After a recent performance of Sam Shepard’s TRUE WEST (running now through April 9) at Third Avenue Playhouse in downtown Sturgeon Bay, TAP learned of a connection between the Pulitzer Prize-winning playwright Sam Shepard and Door County.
According to Door County resident Margaret Poole, Sam Shepard has visited Door County frequently throughout his life, including time when he was a boy. Ms. Poole lived across the street from Sam Shepard’s Aunt’s house in Bailey’s Harbor and remembers stories of his childhood. At one point, Poole remembers Shepard’s cousin running home terrified after Sam (Rogers) Shepard made up a story about the fox caves behind their house. Clearly, his story telling abilities began early on.
Occasional meetings with Shepard and his family punctuated Ms. Poole’s time in Baileys harbor throughout her life.
Was it life imitating art or art imitating life when Margaret Poole recognized a story in the TAP production of Sam Shepard’s TRUE WEST, running now through April 9 at the year-round professional theatre in Downtown Sturgeon Bay. In the play, two brothers (played by Doug Mancheski and Jonathan Wainwright) are staying at their Mother’s (played by Laurel Brooks) house while she is on vacation. During her time away, the sons neglect her plants and she finds on her return that none of the plants survive. Mr. Shepard’s mother, Jane Schook Rogers was visiting her sister Dottie in 1986 while Ms. Poole travelled east to visit family and friends. They agreed to house-sit while she was gone. On Margaret’s return, she found that the Schook sisters had replaced Ms. Poole’s fern (on the brink of death) with a healthy new plant which survived many years.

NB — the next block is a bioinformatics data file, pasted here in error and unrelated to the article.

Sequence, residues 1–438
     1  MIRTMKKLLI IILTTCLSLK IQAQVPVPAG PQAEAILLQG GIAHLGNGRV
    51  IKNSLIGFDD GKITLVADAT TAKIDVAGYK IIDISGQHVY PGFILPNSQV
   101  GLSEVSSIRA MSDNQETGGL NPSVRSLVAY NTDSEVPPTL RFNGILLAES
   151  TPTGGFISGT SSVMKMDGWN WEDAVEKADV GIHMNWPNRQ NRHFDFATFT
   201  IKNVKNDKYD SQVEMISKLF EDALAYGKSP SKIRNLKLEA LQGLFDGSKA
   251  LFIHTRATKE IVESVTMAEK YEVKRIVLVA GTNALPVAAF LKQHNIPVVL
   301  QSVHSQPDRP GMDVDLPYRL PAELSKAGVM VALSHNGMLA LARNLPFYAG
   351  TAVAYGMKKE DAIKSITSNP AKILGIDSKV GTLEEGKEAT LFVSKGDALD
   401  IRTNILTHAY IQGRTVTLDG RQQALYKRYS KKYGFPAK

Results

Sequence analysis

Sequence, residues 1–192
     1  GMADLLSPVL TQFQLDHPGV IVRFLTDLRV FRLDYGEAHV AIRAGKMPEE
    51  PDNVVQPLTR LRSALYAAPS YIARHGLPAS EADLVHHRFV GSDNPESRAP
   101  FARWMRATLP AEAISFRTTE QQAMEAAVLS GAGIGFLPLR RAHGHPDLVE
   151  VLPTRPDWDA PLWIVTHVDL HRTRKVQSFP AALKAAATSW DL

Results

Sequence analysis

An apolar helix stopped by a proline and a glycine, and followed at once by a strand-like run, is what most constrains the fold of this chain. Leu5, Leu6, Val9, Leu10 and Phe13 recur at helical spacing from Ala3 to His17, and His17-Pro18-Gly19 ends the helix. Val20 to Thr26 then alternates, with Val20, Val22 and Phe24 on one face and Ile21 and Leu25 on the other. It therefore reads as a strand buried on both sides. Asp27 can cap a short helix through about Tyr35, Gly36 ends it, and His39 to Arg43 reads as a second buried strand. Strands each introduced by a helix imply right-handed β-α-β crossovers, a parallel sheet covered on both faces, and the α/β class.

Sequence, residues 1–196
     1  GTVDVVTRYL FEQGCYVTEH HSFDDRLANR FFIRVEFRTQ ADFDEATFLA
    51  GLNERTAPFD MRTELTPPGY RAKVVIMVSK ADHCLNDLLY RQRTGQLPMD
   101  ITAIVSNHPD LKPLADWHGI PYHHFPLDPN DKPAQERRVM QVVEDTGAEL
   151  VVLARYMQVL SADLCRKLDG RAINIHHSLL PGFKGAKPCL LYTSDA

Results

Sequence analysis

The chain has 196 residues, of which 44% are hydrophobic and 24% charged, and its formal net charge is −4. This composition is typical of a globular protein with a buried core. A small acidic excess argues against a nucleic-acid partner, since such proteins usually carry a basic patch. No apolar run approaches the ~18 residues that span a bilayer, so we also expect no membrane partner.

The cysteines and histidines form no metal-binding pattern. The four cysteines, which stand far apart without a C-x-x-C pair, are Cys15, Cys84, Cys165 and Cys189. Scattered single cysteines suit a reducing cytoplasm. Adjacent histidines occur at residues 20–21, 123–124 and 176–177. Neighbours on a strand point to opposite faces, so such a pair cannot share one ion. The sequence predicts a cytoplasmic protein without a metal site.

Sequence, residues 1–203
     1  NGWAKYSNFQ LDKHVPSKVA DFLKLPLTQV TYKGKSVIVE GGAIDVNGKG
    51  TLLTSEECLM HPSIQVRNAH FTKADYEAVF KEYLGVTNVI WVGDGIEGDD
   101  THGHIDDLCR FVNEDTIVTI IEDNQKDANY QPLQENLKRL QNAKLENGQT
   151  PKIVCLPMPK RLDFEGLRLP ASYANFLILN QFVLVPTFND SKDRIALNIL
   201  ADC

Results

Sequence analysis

Ms. Poole personally met Sam Shepard in 1993, when he visited Baileys Harbor with his Mother and son. “We had a nice visit in Dottie’s house – I remember Sam saying that he remembered my great-grandmother from the times he spent visiting his grandparents because of her very dry humor.” The events described in Mr. Shepard’s short story “Place,” from his published work, CRUISING PARADISE happened at this time. “I recall a telephone apology for a hole dug by mistake in the Poole cemetery plot,” says Margaret. Years later, when asked if the short story was true, Ms. Poole remembered Shepard’s apology and was able to affirm the truth of the tale. Although she does note that Sam Shepard took some poetic license. “You can’t see Lake Michigan from there and my great-grandmother’s name was Mary (although I admit “Maude” sounds better.”
You can read the true story called “Place” in the last chapter of Shepard’s book, CRUISING PARADISE. And you can see his play, TRUE WEST, now through April 9 at Third Avenue Playhouse in downtown Sturgeon Bay.
By Sam Shepard
Third Avenue Playhouse
Now- April 9
Directed by Robert Boles
Thurs., Fri., & Sat., at 7:30
Sun. matinee at 2:00
$28 General Admission